Readings: Wisdom 11: 22-12:2; Psalm 145, Response: I will praise your name for ever, my king and my God.; 2 Thessalonians 1: 11-2:2
Gospel: Luke 19: 1-10
One of the major themes of my last annual retreat was seeing in the story of my journey how my failures led to greater freedom.
Since fourth year high school, I was active in the student government. But in my senior year in college, I lost in the student council elections. This failure led to my life mission.
That year in college I rediscovered prayer and spirituality, the start of my love for and devotion to the Mass.
Long story short, this grace was instrumental in my discovering my mission to teach, a passion that remains my first love.
Teaching, in turn, led me to become a priest and a Jesuit. Along the way, a detour came in the form of administration work and, in my last assignment as a Jesuit, fundraising.
By choice, on the one hand, and due to circumstances beyond my control, on the other hand, I “threw in the towel” in this field to go back to teaching.
In these major shifts in my journey, these “failures” gave me the freedom to make choices that I had discerned as more aligned with what God wanted me to do.
This is a snapshot of my journey, where my failures led me to greater freedom to choose to follow God’s mission more faithfully. From failure to freedom—it’s the same pattern of Zacchaeus’ story in this Sunday’s Gospel.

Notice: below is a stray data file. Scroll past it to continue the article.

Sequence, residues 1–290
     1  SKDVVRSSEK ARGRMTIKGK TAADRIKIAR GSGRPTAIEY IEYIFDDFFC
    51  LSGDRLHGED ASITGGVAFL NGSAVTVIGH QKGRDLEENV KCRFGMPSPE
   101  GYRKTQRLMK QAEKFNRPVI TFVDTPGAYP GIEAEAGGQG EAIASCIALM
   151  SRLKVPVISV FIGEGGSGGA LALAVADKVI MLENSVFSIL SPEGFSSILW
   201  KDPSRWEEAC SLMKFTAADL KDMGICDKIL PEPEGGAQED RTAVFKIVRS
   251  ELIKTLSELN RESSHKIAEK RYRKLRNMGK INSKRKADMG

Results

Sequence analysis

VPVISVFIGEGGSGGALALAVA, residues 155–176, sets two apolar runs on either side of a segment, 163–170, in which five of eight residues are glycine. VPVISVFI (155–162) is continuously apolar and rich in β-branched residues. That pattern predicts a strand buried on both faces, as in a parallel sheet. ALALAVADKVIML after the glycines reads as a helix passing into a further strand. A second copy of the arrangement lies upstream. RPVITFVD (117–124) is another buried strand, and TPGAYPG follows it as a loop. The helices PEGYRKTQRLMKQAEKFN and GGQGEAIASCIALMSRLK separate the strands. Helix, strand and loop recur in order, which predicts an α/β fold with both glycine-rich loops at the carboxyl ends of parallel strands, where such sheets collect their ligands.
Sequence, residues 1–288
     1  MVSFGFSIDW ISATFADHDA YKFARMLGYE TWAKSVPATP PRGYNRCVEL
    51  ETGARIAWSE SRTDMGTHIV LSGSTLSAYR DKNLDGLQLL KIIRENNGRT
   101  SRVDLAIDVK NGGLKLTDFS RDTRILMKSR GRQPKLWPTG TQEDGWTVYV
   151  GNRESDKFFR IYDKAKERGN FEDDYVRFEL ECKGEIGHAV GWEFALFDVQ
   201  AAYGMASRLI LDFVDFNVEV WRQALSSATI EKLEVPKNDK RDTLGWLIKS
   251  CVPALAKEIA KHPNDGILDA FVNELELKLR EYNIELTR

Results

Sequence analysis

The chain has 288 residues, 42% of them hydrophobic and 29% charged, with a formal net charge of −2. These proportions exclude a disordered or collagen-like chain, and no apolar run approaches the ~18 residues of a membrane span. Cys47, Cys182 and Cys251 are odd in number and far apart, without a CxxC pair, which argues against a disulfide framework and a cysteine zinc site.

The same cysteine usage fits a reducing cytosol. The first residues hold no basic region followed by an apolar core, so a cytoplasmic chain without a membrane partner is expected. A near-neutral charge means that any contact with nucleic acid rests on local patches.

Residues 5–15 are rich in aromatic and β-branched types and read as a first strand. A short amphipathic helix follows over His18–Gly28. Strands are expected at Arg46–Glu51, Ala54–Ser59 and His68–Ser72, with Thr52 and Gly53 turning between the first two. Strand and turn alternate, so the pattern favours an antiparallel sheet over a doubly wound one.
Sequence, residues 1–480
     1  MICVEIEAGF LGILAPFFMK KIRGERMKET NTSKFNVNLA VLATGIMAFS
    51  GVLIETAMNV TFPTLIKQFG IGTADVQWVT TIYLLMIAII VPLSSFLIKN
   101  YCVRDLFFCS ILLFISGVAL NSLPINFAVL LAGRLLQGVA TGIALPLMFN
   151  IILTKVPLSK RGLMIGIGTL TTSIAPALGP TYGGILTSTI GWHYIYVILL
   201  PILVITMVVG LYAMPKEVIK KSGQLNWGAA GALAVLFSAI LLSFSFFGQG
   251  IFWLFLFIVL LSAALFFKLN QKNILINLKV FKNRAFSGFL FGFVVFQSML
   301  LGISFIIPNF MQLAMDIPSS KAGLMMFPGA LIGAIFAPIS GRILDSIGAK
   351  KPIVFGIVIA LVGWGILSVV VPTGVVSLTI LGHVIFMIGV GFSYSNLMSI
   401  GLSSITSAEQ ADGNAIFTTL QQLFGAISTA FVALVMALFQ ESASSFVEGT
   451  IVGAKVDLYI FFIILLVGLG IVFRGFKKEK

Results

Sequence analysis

Zacchaeus had handicaps, which would have made him a failure. He was physically short, and his profession, a chief tax collector, was despised. One by one, though, these two handicaps led him to freedom.
From handicap to advantage
Being short in stature, he had to climb a tree to get a good view of Christ. This earns him not just Christ’s attention, but the honor to have Christ as a guest in his house.
It was not just a shift from handicap to advantage, but we begin to see the deeper journey to freedom: “He came down quickly and received him with joy.” (Luke 19: 6)
Then his other handicap kicks in. People are scandalized that Christ enters the house of this chief tax collector, a sinner. To this, Zacchaeus stands his ground and his freedom further deepens.
Zacchaeus’ transformation becomes expressed in deeds. Faced with intense criticism and character assassination, he responds and tells Christ: “Behold, half of my possessions, Lord, I shall give to the poor, and if I have extorted anything from anyone, I shall repay it four times over.” (Luke 19: 8)
This simple act embodies two graces. One, Zacchaeus shows remorse and detachment. The former leads to the latter, as he is willing to let go of his wealth.
Then comes the deepest freedom for Zacchaeus: “Today salvation has come to this house because this man, too, is a descendant of Abraham.” (Luke 19: 9)
He earns the singular grace of Christ’s coming as man to be God-with-us, his mission to save us.
From handicap to blessing, from failure to freedom, “God writes straight with crooked lines.” (Portuguese proverb)
This Sunday’s Gospel gives us hope and encouragement that, in the midst of our failures, setbacks, handicaps, imperfections, indeed, our sinfulness, God’s grace is lovingly and providentially present.
If we allow him, all these seeming tragic flaws or tragedies in our life become God’s channels of grace: from failure to greater freedom, from setback to breakthrough, from handicap to advantage, from imperfection to faith in God’s perfect love, from sinfulness to hope in God’s merciful and forgiving love.
It brings us back to a core truth and grace of our Christian faith: “For the Son of Man has come to seek and to save what was lost.” (Luke 19: 10)
Like Zacchaeus, our journeys are inspired by this one deepest desire, to see and to encounter Christ, and allowing him to enter our heart and soul. —CONTRIBUTED